This beautiful medieval city in the south of Kosovo sits atop a hill, commanding incredible views of the surrounding Šar mountains. The settlement has passed through many hands: Roman, Bulgarian, Byzantine and Ottoman. Explore chaotic bazaars, the Hammam baths in the Ottoman quarter and the Roman castle. It’s also the birthplace of Kosovo as we know it – visit the Prizren League House to discover more about the foundations of the modern state. The Kaljaja fortress was once the capital of Serbia, and now offers the best views in the city. Or head down to Shadervan, the main square where you can drink from the fountain, or eat at a traditional ‘qebaptore’ barbecue restaurant. In summer, Shadervan is the best place to hang out after dark, when the locals pour into the square. Visit the two important mosques and the two churches. Then swing by the workers’ co-op at Filigran ShPK to watch the craftsmen making gold and silver filigree, a traditional local product that makes a great gift. Buses run daily from Pristina for €4.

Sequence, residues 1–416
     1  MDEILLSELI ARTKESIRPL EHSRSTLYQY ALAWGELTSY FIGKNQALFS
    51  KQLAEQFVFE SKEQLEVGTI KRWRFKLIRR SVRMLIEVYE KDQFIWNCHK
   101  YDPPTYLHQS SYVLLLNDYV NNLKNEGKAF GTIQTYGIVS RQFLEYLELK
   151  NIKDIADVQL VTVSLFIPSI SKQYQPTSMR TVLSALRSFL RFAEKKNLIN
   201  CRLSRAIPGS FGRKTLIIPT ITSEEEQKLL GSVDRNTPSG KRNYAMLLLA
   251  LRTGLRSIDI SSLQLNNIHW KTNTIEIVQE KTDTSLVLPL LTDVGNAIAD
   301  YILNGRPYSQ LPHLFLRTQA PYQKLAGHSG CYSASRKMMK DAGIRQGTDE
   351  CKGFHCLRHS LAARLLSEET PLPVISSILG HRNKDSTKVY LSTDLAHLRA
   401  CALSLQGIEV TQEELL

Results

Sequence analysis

Not far from Prizren in a high mountain valley lies the picturesque village of Brod, one of the most beautiful in all the Balkans. Here you can meet the Gorani people, famous for an unusual combination of occupations: sheep and goat herding and owning sweetshops. They are an ancient people speaking a Torlakian Slavic language, a curious mix of Serbian and Macedonian with many loanwords. Be careful not to speak Albanian as the Gorani are Muslim Serbs who fiercely oppose Albanian rule. However, they are a friendly lot who love to hear tourists mangle their complex language. There’s one important reason to head to Brod, and that’s to ride. One of the locals will be happy to take you up into the high summer pastures on horseback for around €10, where you will see some of the most incredible scenery in Albania. Or stick around and see Brod’s enthusiastic yet somewhat limited nightlife. From Prizren take the bus to Dragaš and then hike or hitch the 8km to the village.